“He appeared to be a very cold individual for being 14 years old,” a sheriff’s deputy said at the time. Police described him as having “emotional problems.” (His parents, who have since moved to a remote ranching community in West Texas, didn’t respond to requests for an interview.) In May 1995, four months before his 15th birthday, Myers was sentenced to 30 years and sent to the Texas Youth Commission, now called the Texas Juvenile Justice Department.
It’s unclear why Myers was assigned to administrative segregation on June 5, 2010; inmate disciplinary records are considered confidential. Nine months later, his body was discovered at 3:55 a.m. after a corrections officer delivering breakfast opened the slot through which prisoners receive their food and heard no response. When she removed the forbidden blanket hanging in front of his window, she noted him in a sitting position with a noose around his neck.
Moving Myers was difficult because of his body’s stiffness. The first medical staff on scene, nurse Teresa Ann Burris, didn’t attempt resuscitation because he was cold to the touch. The responding ambulance crew report confirmed Myers was in “full rigor mortis.”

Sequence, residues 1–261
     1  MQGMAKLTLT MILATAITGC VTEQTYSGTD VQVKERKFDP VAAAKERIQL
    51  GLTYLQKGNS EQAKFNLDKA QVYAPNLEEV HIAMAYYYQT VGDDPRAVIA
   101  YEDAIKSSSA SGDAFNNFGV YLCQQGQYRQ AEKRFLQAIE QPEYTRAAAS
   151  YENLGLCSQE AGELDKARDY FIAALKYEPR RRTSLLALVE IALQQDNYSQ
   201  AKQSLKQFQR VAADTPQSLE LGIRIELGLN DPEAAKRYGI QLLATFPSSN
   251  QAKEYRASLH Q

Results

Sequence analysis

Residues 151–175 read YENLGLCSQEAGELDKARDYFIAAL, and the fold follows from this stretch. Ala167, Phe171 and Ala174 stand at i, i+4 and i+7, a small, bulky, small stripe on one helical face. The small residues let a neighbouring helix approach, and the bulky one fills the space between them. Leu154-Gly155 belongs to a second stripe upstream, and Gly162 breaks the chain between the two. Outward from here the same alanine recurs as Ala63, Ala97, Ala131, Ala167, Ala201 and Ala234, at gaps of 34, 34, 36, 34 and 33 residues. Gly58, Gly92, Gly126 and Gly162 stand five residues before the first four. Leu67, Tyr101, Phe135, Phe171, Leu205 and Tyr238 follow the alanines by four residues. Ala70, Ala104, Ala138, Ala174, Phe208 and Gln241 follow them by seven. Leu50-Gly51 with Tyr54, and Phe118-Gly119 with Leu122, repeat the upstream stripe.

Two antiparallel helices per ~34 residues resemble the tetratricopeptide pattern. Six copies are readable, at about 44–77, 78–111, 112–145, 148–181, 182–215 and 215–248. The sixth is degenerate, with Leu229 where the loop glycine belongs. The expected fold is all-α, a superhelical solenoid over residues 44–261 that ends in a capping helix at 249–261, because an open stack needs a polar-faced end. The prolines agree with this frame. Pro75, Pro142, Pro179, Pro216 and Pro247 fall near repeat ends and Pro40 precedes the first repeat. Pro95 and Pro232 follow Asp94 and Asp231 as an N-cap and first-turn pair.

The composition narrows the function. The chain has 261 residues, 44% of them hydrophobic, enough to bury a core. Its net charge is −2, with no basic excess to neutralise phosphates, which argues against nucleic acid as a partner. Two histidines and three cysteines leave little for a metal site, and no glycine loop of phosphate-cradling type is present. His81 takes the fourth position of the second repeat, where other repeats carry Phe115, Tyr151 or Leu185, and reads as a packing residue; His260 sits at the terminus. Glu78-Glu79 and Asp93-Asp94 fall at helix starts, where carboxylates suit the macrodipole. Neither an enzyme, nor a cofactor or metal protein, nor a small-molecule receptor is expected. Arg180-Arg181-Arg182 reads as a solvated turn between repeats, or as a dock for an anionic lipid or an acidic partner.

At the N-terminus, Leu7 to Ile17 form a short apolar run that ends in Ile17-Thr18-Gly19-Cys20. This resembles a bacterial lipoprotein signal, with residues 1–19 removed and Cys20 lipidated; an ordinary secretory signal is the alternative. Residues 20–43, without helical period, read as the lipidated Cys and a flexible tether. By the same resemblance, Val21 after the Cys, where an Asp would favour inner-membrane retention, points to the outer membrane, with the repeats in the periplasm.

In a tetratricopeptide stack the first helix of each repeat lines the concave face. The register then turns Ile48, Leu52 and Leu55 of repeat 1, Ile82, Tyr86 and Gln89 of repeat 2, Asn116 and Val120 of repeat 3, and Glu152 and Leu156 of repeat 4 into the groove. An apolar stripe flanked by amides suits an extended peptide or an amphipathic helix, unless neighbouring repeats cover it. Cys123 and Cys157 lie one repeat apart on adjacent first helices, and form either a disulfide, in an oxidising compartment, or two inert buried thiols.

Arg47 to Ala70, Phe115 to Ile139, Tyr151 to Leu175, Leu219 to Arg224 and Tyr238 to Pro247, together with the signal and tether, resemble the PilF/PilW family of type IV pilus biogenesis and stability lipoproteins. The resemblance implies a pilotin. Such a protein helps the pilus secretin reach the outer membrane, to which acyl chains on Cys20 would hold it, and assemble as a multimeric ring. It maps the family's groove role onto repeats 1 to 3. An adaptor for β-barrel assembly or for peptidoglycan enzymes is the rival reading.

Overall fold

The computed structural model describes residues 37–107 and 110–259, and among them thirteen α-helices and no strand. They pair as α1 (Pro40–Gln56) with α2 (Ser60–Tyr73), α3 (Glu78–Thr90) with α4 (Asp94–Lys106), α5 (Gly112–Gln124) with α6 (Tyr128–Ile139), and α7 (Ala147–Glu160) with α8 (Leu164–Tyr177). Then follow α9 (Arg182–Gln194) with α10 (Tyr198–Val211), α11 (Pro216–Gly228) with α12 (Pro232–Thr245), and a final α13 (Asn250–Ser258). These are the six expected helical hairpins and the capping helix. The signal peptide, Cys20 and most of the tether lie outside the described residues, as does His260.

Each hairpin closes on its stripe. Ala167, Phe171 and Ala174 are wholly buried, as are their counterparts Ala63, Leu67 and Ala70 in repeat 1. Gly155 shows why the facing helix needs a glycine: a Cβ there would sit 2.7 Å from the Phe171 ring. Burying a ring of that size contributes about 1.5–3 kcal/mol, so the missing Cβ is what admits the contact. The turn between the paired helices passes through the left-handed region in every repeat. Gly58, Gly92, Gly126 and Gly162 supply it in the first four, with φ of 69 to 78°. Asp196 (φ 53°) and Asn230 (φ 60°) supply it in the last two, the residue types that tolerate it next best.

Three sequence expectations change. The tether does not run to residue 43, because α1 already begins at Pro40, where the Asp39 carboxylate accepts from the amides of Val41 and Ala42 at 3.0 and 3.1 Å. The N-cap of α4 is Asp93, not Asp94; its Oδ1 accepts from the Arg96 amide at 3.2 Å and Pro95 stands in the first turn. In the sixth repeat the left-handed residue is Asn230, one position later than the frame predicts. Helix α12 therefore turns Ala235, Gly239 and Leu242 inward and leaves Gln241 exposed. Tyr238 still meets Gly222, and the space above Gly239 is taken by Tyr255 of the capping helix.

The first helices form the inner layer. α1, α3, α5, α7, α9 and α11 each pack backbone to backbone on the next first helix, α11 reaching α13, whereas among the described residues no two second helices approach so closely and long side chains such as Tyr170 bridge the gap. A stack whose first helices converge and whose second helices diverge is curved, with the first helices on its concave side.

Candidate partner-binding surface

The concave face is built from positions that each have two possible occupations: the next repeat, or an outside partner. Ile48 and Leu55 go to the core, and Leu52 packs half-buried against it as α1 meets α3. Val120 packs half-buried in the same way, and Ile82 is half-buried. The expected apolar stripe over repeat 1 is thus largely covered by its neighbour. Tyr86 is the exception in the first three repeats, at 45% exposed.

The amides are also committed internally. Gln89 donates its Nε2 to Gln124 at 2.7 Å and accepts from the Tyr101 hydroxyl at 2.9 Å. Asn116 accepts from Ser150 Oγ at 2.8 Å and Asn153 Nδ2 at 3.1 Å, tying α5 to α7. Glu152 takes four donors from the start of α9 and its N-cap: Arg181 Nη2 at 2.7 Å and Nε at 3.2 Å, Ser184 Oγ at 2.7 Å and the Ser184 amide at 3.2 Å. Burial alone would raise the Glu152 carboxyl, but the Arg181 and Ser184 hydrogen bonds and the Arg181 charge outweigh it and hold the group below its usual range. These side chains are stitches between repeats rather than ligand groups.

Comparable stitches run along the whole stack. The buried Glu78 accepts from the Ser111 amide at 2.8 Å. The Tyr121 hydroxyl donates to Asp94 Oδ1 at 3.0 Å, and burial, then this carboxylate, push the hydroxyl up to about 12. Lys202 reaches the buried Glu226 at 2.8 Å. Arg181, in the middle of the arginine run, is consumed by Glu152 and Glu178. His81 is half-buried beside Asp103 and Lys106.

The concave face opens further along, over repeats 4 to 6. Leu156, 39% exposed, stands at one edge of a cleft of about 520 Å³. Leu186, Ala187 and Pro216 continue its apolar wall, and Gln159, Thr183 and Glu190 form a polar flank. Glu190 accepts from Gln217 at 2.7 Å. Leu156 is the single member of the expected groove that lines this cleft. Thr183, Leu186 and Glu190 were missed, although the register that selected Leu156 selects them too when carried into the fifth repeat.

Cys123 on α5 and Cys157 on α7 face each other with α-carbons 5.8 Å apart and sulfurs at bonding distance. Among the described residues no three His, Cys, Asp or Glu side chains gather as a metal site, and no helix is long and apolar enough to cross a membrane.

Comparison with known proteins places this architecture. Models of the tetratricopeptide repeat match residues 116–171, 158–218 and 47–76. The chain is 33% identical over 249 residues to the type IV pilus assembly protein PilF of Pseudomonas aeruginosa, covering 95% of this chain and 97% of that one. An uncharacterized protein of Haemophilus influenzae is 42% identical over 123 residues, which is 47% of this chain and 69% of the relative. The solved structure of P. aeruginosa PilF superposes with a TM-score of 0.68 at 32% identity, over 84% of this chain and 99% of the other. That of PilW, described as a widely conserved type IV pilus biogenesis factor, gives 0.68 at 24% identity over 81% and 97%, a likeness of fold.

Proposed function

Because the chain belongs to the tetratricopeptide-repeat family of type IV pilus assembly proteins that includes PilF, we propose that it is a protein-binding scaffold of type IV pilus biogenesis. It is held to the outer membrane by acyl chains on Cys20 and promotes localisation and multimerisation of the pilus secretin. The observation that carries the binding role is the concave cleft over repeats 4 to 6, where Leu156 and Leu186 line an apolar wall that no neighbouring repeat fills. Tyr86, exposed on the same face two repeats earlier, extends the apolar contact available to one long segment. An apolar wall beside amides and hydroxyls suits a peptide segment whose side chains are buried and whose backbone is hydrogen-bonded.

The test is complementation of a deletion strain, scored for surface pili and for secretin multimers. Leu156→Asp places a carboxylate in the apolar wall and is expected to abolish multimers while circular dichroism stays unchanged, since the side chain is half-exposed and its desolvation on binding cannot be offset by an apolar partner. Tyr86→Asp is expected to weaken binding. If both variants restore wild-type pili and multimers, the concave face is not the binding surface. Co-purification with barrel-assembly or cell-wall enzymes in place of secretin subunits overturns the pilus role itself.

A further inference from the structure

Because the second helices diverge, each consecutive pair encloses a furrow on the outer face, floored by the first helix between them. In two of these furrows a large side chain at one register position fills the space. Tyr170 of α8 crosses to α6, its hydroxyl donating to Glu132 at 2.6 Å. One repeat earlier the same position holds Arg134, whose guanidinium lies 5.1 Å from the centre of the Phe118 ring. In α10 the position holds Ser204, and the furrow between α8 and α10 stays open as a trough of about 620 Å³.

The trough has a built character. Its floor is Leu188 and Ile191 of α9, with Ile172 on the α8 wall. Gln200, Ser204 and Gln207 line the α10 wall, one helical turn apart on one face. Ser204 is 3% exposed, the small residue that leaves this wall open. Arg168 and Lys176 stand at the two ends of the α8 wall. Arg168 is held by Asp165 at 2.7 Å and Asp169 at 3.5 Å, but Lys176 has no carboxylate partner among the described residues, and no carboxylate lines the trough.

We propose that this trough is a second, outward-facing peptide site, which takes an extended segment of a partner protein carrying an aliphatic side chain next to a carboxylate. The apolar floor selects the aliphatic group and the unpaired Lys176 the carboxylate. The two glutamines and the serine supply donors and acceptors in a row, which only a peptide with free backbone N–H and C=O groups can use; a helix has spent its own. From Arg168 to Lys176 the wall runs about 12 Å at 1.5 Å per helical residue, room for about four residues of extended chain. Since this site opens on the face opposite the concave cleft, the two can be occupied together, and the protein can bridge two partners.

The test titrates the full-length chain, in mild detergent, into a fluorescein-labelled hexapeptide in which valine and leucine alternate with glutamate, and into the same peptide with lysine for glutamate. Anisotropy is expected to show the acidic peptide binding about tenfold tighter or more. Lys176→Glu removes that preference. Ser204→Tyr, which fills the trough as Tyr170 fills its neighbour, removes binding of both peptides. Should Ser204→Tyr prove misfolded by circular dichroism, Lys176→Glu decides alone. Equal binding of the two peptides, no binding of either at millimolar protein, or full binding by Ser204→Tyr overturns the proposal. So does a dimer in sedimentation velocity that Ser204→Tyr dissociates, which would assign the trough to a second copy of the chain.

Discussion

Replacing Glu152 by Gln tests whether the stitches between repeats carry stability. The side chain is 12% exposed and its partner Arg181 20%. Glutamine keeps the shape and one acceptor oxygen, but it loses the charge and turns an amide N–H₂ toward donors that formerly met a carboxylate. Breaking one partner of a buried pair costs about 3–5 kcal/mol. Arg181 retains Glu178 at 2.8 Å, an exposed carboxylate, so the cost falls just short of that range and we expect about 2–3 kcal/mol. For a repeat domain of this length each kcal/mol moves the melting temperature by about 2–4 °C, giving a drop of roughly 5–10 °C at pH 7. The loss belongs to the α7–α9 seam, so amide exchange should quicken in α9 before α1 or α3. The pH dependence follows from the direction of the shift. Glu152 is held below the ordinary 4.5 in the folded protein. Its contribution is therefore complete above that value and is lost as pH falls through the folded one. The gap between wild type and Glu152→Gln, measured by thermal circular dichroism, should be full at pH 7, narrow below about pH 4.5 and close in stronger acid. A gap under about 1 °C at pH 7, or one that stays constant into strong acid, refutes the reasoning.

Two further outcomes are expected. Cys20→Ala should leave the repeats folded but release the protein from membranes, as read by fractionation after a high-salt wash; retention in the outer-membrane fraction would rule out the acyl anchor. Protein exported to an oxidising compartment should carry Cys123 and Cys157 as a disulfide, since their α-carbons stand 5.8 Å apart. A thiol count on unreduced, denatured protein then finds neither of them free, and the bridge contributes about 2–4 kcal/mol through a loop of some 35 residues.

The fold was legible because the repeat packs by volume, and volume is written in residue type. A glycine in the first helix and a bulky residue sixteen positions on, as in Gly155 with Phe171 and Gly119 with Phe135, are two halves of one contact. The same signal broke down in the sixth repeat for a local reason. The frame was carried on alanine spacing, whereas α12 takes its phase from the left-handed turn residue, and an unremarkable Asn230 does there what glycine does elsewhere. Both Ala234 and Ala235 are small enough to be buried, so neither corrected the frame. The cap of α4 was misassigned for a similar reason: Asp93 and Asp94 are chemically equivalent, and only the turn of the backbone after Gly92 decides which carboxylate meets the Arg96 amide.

The medics also reported his “hands were tied behind his back. Feet were tied” with clothesline, as well. In court documents, Burris, who didn’t respond to interview requests, said Myers’s death initially appeared to be a homicide. Clark said an Office of Inspector General review concluded Myers had killed himself, and that it isn’t unheard of for inmates to bind themselves prior to hanging to ensure their success. The inspector general has refused to release the report on Myers.
Clark said one guard assigned to check on Myers was fired. Another chose to resign in lieu of facing discipline, and a captain was demoted. The state Board of Nursing moved to revoke Burris’s license because of her refusal to perform CPR, but two months ago the agency dropped the case without comment.
This story continues ongoing scrutiny of government by investigative reporter Eric Dexheimer, named Star Reporter of the Year last month by the Texas Associated Press Managing Editors. His coverage revealed the state’s siphoning of court fees for other uses, disuse of the state’s hate crime law and local governments profiting from illegal gambling.